by Jacqueline A. Falla
Concrete, the solidity of the substance, and all its connotations seem to imply only that it is strong. We speak of it being firmly and permanently established, we have ideas that are concrete, bump up against the concrete ceiling, and pray we are never fitted with concrete shoes. We live in concrete jungles, or flee from them to surround ourselves in nature. In the world of construction we are forever pouring it, placing it, pricing it, forming it, and commenting on its artistic qualities, or lack thereof. Concrete is fundamental and foundational to all we build. The strength of the material is rarely questioned, though I learned that there is in fact, a low strength version, and interestingly, versions that are also light.
This industry is endlessly fascinating, a time capsule that upon opening, reveals archaic means and methods that take you on a historical romp through the Great Fires of Chicago and New York, and then deeper and further into the archives. Strength meets structure; structure is interwoven with geometry; ancient Greek Euclidean mathematics bring us back to the present in the form of modern day skyscrapers – all of these discoveries made possible with a few carefully executed saw cuts to the concrete floor at MIT’s Hayden Library. What to our wondering eyes did the Elaine Construction Team see? A short span, reinforced concrete system, known as Cinder Concrete, or Goulash Construction. In the wake of those great fires came reform, and ingenuity. Utilized for its fire proof properties, which were derived from the use of cinder as a low cost alternative to stone aggregate, its strength was obtained from the draping of wire mesh over steel. This formed a catenary, or curve, reminiscent of a suspension bridge. The cinder concrete was them poured onto the mesh, providing the necessary fire proofing material, and a walking surface.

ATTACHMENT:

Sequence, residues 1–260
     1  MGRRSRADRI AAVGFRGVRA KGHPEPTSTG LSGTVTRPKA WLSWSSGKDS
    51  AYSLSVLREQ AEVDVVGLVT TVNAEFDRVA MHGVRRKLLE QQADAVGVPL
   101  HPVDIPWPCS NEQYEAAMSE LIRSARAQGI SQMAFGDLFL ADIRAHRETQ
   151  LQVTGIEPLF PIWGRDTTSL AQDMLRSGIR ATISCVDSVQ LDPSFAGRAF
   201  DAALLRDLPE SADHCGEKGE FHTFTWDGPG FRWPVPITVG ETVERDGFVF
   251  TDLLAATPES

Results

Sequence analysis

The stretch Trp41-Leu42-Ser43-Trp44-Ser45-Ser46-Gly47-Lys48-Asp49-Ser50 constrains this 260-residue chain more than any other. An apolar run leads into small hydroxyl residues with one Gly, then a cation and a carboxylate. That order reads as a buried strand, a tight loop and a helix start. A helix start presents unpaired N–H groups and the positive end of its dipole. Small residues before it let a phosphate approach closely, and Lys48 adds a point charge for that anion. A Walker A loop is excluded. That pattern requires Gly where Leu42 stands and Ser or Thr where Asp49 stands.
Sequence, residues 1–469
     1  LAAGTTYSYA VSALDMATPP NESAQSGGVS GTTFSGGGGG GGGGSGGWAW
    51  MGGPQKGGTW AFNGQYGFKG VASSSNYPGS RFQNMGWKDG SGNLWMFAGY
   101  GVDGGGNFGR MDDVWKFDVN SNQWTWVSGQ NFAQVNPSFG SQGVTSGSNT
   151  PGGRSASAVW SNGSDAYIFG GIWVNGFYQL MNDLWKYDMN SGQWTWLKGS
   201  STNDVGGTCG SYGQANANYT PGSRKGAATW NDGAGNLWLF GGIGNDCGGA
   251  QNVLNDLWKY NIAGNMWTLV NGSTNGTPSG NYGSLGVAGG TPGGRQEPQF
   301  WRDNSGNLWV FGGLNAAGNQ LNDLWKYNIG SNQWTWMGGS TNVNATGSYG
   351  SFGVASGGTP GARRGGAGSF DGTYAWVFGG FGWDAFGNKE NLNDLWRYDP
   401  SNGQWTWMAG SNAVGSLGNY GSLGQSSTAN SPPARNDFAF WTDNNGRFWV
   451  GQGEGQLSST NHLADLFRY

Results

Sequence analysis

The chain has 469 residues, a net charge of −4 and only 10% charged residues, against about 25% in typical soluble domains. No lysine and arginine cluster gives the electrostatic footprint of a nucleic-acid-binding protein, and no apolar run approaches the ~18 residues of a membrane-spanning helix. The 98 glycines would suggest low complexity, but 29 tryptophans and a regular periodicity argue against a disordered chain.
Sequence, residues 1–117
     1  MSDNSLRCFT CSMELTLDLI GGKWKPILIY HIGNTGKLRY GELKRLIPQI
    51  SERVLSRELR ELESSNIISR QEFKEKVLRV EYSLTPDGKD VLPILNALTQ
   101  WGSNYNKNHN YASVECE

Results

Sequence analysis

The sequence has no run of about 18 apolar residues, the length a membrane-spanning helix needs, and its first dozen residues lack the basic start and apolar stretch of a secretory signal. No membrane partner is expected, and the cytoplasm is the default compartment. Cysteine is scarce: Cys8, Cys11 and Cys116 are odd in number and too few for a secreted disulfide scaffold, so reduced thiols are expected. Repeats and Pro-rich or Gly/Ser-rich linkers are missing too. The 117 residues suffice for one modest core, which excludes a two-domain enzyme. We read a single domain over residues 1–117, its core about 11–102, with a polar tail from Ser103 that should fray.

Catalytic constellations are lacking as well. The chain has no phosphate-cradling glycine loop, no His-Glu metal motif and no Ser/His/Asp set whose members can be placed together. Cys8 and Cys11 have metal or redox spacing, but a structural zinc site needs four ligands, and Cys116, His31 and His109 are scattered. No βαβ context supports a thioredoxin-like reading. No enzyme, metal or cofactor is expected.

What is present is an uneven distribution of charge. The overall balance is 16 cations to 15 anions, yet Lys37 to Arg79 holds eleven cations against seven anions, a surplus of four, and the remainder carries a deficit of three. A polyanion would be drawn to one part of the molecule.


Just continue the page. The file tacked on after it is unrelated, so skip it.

Interestingly, this construction methodology was not at all common in Boston. It had its hay day in Chicago and New York from the 1920s to the 1940s. The original architectural firm for the Hayden Library, Voorhees, Walker, Foley & Smith, whose offices were in NYC, likely thought that if it was good enough for the Empire State Building, it was good enough for MIT. It did however pose a challenge for the team as they prepared to remove a large section of the slab to create an interconnecting stair within the space. The slab was saw cut in 2 foot sections, removing concrete in alternating sections while keeping the mesh intact, cutting and carefully welding the ends of the mesh to the steel beam, and repeating until the stair opening was complete. To ensure the viability of the structure, the team encased the welded ends in concrete, effectively resealing the time capsule for future generations.
As I walked the site, my footsteps echoing on the concrete floor, and watched the crew lift the lightweight but sturdy concrete boards atop the steel structure to form the mezzanine floor, I considered the evolution of materials and methods, and came to the firm conclusion that concrete is here to stay.
Jacqueline A. Falla serves as a member of Elaine Construction’s Leadership Team as director of client services.